A few ways through the window: An exhibition of books, related prints and sculpture by Ken Campbell (1990)
The title of this exhibition flyer is also the title of the first book in Campbell’s catalogue The Maker’s Hand (on which more below). The flyer and entry in the catalogue intensify the desire to see that book from 1975 — whose text is printed letterpress in Univers type on the rough side of poster paper and photos of tall inward-opening windows and outward-opening wooden shutters printed on the smooth side. The flyer’s main text comes from the neuropsychologist John Marshall, who introduced me to Ken and Ruth Campbell all those years ago.
Execution: The Book: An exhibition of limited edition artists’ books, related prints and small sculpture (1990)
The title of this exhibition flyer is also the title of a book described in The Maker’s Hand. The year 1990 must have been one of Campbell’s most productive; it certainly brought recognition from the book and art worlds (Circle Press, London; Granary Books, New York; MoMA, Oxford). As will be expanded below, the exhibition flyers serve a particular function alongside Campbell’s bookworks in the collection.
-‘s wings, -‘s wings (1999)
-‘s wings, -‘s wings (1999) Ken Campbell Black laserprinted images overprinted with polychrome letterpress. Bound by Charles Gledhill using an adaptation of the seventeenth-century limp vellum form and wrapped in a folded black cloth. H197 x W140 mm, 64 pages unnumbered. Edition of 30, of which this is #18. Acquired from the artist, 20 December 2018. Photos: Books On Books Collection, displayed with permission of the artist.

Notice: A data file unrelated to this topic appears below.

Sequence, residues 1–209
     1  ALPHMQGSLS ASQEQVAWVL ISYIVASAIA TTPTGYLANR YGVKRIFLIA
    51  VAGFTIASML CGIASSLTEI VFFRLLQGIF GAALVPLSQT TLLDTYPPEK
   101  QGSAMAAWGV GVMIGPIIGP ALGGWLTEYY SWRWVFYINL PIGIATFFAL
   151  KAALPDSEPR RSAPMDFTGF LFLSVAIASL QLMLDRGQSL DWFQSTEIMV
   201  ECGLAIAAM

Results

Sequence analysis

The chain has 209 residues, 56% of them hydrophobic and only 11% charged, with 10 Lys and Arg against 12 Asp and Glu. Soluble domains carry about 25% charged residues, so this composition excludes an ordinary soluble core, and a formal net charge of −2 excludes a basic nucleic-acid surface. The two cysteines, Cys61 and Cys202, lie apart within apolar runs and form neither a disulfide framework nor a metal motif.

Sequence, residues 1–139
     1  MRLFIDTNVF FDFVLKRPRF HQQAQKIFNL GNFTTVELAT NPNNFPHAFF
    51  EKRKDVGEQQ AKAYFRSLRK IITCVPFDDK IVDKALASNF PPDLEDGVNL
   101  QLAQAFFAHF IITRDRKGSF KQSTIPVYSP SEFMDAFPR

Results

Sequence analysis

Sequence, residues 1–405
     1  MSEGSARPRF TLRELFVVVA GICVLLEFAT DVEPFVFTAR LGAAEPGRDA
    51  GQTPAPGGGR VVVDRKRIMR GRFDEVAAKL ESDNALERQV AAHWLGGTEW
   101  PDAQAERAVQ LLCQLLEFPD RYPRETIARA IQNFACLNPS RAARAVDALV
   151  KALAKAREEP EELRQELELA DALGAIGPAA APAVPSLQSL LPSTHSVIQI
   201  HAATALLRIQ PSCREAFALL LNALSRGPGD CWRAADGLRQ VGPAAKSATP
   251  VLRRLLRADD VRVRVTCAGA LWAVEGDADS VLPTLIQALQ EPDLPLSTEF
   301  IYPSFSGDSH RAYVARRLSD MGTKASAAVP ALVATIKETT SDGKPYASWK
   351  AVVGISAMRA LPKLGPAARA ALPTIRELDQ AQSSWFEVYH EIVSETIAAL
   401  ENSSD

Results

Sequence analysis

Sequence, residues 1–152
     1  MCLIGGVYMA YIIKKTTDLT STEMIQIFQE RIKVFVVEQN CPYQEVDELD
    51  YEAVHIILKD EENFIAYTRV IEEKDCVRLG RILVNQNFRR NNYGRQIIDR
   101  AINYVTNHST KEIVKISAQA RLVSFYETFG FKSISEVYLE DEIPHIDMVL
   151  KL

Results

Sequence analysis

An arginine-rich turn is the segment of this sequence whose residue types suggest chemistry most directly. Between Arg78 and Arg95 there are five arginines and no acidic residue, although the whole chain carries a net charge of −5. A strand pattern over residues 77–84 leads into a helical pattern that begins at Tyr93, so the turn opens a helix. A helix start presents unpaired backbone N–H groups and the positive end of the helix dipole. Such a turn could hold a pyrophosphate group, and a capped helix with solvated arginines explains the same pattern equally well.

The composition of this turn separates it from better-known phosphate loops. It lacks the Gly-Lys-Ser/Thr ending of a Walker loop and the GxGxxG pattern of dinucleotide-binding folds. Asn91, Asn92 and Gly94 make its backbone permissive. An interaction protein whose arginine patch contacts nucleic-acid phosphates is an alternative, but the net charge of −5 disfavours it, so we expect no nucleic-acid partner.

-‘s wings, -‘s wings is a dark, rich and more than tactile work. Following what happens in it demands more of the reader/viewer’s faculties. Unwrapping it from the cloth that envelops it, you feel engaged in some sort of rite. The feel of the binding lies somewhere between softcover and hardcover. An oily ink smell emerges. So precisely aligned with the grid image, the long stitches of beige or white thread exposed down the center of unnumbered pages 4-5 and 60-61 (both shown below) barely register to the eye.
When, however, pages 10-11 are reached (shown below on the left), the threads emerge more plainly against a dark background. The whiter vertical lines elsewhere on the page highlight the threads’ drawing function — or grouting function. By now, the oily smell is stronger, and fingers feel an almost sticky thickness to the pages. As light moves across the turning page’s surface, layers and pock marks appear and disappear much like the rising and falling of the threads. As In the Door but more so, it has an impasto effect from layering and layering brought about by Campbell’s aforementioned cussedness and chance-taking in running the sheets through the printer over and over.
Against this background, images of wings dance and pull away from the center. Over those images and background, the letterpressed text introduces a chant to Agni (the Hindu fire god) and Kali (goddess of love and the great mother) and a poem describing a forest fire spread by birds with wings aflame and falling into the undergrowth. As in other works, Campbell breaks words, punctuation and lines across multiple pages and double-page spreads. In this instance, seventeen pages carry the text. The loose transcription below does not replicate the word and line breaks within pages, only those from page to page; the double-page spreads are indicated. The chant and poem reverse themselves (not quite verbatim) after the first double-page spread, which reminds me of the palindrome In Girum Imus Nocte Et Consumimur Igni (“We go round and round at night and are consumed by fire”).